Following Carl Fabergé’s example of only hiring the most highly skilled craftsmen in their field, Fabergé first approached Agenhor in 2015 for co – development of a collection of watches entitled Lady Compliquée Peacock. The watches in the collection beautifully illustrated the time with the aid of an unfurling peacock’s tail. The luxury timepieces created a furore at Basel last year and won a coveted Grand Prix d’Horlogerie de Genève prize. The new Dalliance collection consists of three models, each of which deserves special attention.
Fabergé Lady Levity
The creation of the Fabergé Lady Levity was inspired by a silver gilt, enamel and rock crystal table clock made in St Petersburg by the Fabergé craftsman Heinrich Wigström circa 1910. With a rock crystal man-in-the-moon relief occupying the centre of the dial it was impossible to make use of traditional minute and hour hands which would usually be fastened to the centre. Wigström, therefore, decided to mount indicators around the edges. Fabergé has reincarnated this idea in wristwatch form with the assistance of master watchmaker, Jean-Marc Wiederrecht, founder of the Geneva-based Agenhor.
For this model Jean-Marc Wiederrecht and his team of horological experts developed the manual AGH6911 calibre. The 36mm watch makes use of stylised indicators to display the time: a crescent moon for hours and rising sun for minutes, tracking against a white mother-of-pearl ring dial. The Fabergé Lady Levity is presented in 18 karat rose gold with the addition of an alligator strap and 18 karat rose gold pin buckle.
Fabergé Lady Libertine I & II
These two unusual creations were inspired by the very landscape responsible for forming the precious gemstones that adorn them. After a resounding joint debut at Baselworld 2015 a team from Agenhor was invited to visit the Kagem emerald mine in Zambia by Fabergé’s parent company, Gemfields. The company is the world’s leading supplier of coloured gemstones, owning 20 percent of the world’s supply of emeralds. The natural beauty of the precious gemstones at the mine, even in their unpolished state, led to the idea of using emeralds in a way somewhat different to what we are used to. Since the development of the AGH 6911 calibre was already in full swing, Fabergé decided to use the unique structural features of the new watches to demonstrate the raw power of rough emeralds.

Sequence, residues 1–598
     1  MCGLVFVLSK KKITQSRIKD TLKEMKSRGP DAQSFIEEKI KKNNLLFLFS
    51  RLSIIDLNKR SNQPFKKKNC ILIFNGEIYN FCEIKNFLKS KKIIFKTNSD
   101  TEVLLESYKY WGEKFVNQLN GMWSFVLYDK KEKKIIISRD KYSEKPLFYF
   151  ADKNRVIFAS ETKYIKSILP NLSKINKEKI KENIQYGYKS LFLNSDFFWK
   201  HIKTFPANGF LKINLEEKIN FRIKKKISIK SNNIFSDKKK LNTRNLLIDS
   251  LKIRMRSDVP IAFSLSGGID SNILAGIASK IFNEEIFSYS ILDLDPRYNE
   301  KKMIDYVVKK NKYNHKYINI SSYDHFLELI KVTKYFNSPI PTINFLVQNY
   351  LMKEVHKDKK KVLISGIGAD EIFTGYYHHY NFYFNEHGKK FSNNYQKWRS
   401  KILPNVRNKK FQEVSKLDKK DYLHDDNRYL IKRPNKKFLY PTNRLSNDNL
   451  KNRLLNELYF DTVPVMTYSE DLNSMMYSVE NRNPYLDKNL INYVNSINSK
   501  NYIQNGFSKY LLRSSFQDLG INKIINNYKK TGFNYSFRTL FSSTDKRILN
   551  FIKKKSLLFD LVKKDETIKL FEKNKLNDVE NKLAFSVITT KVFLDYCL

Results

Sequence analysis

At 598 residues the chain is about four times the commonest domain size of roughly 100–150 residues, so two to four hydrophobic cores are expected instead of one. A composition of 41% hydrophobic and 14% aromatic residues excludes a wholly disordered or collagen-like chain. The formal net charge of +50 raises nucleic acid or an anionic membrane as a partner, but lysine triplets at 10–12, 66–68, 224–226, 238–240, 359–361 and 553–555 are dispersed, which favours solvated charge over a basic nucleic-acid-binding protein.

The Fabergé Lady Libertine I consists of a 36mm 18 karat rose gold case decorated with 1.84 carats of brilliant-cut diamonds and emeralds. The precious gemstones fixed to the dial and central dome represent the Zambian terrain. The stylised relief is achieved using a mixture of rough, hand-carved emeralds together with a fine gold filigree.
The case of the second model is equal in size to the Fabergé Lady Libertine I, however it is made of 18 karat white gold. The dial’s central dome is adorned with 2.22 carats of satin-finished emerald as a base, upon which an 18 karat white gold and diamond motif with a cabochon emerald is set. Beneath the emerald decoration, the dial is set with 1.97 carats of brilliant-cut diamonds, while the bezel is set with a further 1.84 carats.
As always, the jewellery and watch house has not disappointed with its new pieces. However, Fabergé’s designers have set the bar very high for next year. We’ll have to wait until 2017 to see how they attempt to reach it.